Moreton Telegraph Station Cape York
Cape York Peninsula is an amazing place. Covering almost 138,000 square kilometres (53,282 square miles), it is home for only about 18,000 people(including Thursday Island and Horn Island).
It is also home to 734 vertebrate land animal species and at least 2,412 plant species, more than 300 of these being found nowhere else in Australia or the world. It is one of the three most unspoiled areas left on Earth.
Moreton Telegraph Station is located on the Wenlock River in the centre of Cape York Peninsula just 293 kilometres from Cape York ('The Tip'), the Australian mainland's most northerly point.
The spacious and shady 6 hectare (15 acre) clearing in natural bushland provides ample space for adventurous travellers looking for a tranquil camping spot and hot shower after a hard day's drive. If the urge to sleep in a real bed cannot be resisted, our safari tent options may interest you.
The Wenlock River flows all year, although the levels can vary dramatically between the 'wet' season and the 'dry' season. Keen fisherfolk can try their luck at catching barramundi, black bream or saratoga but be aware that Estuarine crocodiles may inhabit this river system.
Rainfall varies from an average of 11mm for the months of May to October to an average of 227mm for November to April. The dry-season (winter) temperatures can fall to less than 10° Celsius (50° Farenheit), particularly in the inland, and wet-season (summer) temperatures can soar beyond 40° Celsius (105° Farenheit).
So far over 110 bird species have been noted in the Moreton vicinity, and many, including the Palm Cockatoo and Magnificent Riflebird, may be regularly observed throughout the site and along the river's edge. Agile Wallabies often feed on the grounds while the shy and elusive Antilopine Wallaroo can often be found feeding along the roadsides in the neighbourhood. The sparsely distributed Common Spotted Cuscus (a type of possum) has been seen on numerous occasions feeding on the leaves of Moreton's riverside trees.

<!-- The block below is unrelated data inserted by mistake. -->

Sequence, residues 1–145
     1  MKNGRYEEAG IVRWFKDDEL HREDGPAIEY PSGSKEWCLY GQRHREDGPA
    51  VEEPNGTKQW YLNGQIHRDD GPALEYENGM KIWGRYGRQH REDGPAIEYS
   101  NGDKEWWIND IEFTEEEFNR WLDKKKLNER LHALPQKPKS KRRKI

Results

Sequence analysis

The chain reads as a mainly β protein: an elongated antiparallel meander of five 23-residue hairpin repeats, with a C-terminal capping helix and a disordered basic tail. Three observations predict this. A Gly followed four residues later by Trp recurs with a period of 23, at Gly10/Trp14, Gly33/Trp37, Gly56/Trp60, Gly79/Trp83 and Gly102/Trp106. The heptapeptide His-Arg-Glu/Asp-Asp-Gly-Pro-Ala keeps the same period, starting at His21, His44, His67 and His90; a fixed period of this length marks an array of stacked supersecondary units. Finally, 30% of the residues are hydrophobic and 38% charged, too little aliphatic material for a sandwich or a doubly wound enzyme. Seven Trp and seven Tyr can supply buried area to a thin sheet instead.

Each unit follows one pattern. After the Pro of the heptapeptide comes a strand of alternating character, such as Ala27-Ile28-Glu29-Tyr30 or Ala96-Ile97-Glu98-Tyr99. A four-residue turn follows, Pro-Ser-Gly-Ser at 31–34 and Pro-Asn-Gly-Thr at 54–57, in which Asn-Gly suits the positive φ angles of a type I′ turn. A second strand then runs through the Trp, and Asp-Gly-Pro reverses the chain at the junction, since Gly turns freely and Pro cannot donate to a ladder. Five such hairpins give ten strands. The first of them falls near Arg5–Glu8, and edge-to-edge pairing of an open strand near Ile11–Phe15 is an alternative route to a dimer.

A 3 kilometre (1.9 mile) walking track along the north bank of the river and through the adjacent bushland will introduce you to some of the more dominant and interesting species of the local flora, and a short detour takes you to Cave Creek where the bedrock has been eroded to form a natural bridge.
Our friendly staff are always available for information on local flora & fauna, regional history, road conditions or just a chat.
Please contact us if you have any enquiries or require more information. We are more than happy to provide you with any information you may require about our splendid part of the world.